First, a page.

California officials filed a lawsuit against President Donald Trump’s administration on Friday over his plans to revoke the state’s legal authority to set its own car emissions standards, as first reported by The New York Times.
The state is joined by 23 other states in the lawsuit.
“California won’t bend to the President’s reckless and politically motivated attacks on our clean car waiver,” the state’s Gov. Gavin Newsom (D) said in a statement Friday. “We’ll hold the line in court to defend our children’s health, save consumers money at the pump and protect our environment.”
The lawsuit argues that Trump’s administration is acting in violation of several environmental laws, including by preempting state law without congressional authority and by “failing to assess or analyze the damage” the preemption “would inflict on the environment and public health.”
California Attorney General Xavier Becerra, who has now filed 60 lawsuits on behalf of the state against the Trump administration, said legal precedent is on the side of California.
“Two courts have already upheld California’s emissions standards, rejecting the argument the Trump Administration resurrects to justify its misguided Preemption Rule,” he said of the rule the federal government is invoking to crack down on state laws. “Yet, the Administration insists on attacking the authority of California and other states to tackle air pollution and protect public health.”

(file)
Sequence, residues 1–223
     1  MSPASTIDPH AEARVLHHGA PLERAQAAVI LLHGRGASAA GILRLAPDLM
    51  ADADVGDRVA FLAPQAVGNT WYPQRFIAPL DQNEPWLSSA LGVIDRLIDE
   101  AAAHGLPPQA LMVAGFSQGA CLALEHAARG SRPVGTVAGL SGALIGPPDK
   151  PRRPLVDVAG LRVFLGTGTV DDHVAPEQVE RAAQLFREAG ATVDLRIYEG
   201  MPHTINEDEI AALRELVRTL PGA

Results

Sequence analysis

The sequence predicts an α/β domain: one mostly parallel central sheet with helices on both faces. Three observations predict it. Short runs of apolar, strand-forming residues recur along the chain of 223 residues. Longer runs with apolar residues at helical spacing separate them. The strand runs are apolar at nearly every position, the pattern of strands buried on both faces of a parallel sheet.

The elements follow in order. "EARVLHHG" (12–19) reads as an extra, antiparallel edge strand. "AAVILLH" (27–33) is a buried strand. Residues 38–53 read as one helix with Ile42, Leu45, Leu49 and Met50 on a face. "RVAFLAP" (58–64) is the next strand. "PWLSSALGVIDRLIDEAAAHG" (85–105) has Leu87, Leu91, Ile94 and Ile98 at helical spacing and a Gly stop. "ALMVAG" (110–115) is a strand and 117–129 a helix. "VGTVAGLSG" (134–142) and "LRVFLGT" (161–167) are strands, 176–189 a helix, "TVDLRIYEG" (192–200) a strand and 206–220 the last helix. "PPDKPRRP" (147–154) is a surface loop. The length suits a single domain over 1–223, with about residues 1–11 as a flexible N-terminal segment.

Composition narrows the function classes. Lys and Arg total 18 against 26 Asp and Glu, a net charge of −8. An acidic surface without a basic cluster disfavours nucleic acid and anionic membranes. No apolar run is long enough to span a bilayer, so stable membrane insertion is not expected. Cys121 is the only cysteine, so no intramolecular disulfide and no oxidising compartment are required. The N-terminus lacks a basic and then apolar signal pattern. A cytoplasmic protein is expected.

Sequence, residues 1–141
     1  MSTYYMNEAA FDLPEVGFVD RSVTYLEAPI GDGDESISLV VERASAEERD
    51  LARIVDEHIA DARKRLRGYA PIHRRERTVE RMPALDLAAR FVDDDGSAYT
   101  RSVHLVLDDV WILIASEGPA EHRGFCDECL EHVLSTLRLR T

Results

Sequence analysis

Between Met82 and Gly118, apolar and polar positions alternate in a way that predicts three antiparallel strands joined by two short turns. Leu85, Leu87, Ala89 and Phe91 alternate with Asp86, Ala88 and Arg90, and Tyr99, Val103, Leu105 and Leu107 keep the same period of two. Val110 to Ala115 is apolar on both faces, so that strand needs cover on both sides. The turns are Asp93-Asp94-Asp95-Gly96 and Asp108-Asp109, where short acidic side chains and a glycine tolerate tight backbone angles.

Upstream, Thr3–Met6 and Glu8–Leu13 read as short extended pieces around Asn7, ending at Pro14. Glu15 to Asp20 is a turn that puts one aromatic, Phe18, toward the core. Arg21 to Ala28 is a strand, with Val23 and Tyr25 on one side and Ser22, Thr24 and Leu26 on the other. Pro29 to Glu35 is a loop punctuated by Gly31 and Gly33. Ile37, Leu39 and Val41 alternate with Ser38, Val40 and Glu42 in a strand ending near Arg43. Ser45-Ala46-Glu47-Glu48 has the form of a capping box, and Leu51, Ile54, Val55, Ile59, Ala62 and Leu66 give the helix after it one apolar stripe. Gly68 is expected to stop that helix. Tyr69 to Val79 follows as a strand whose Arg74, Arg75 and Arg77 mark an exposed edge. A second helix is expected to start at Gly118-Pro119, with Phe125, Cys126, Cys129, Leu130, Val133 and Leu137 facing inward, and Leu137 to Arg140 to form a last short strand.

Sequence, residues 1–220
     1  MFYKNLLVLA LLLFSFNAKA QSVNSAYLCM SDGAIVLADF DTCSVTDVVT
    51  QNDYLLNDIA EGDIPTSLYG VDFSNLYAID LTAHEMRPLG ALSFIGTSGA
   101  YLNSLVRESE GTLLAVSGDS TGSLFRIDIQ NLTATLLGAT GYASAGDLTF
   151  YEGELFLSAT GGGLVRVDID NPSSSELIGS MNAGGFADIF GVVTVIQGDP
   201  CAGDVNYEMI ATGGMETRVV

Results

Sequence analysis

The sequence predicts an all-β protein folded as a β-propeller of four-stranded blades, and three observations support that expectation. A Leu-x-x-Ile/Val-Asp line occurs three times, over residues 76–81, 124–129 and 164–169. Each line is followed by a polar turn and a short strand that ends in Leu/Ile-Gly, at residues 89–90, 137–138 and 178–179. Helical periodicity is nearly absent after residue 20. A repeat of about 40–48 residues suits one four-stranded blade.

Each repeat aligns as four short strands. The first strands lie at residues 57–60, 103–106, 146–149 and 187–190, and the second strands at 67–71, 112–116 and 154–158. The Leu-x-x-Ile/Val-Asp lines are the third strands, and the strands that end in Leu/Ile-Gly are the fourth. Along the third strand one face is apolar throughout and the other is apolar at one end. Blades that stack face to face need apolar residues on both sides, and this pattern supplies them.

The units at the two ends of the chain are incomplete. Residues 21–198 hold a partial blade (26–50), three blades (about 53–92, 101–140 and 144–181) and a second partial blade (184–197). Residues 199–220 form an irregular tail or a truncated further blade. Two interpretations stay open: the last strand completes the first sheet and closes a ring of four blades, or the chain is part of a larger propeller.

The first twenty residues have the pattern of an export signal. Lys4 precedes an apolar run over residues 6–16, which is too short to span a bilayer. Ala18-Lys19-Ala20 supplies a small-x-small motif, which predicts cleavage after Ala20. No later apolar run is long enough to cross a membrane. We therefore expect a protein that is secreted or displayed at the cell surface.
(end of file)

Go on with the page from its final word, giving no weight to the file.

The Environmental Protection Agency, his office noted, has awarded the waiver to California 100 times over the last 50 years. With that legal authority, the powerful state has influenced fuel standards around the country ― and even in Canada ― in an effort to cut back on the greenhouse gas emissions contributing to climate change.
Minutes after Trump confirmed his plans Wednesday to revoke the waiver, California officials told reporters they planned to file a lawsuit as soon as possible.
“This is the fight of a lifetime for us,” California Air Resources Board Chairwoman Mary Nichols said Wednesday. “We have to win this.”
Becerra echoed her urgency at that same press conference.
“For us, this is about survival,” he said. “Our communities are screaming for help to address the climate crisis. Unlike the Trump administration, we don’t run scared.”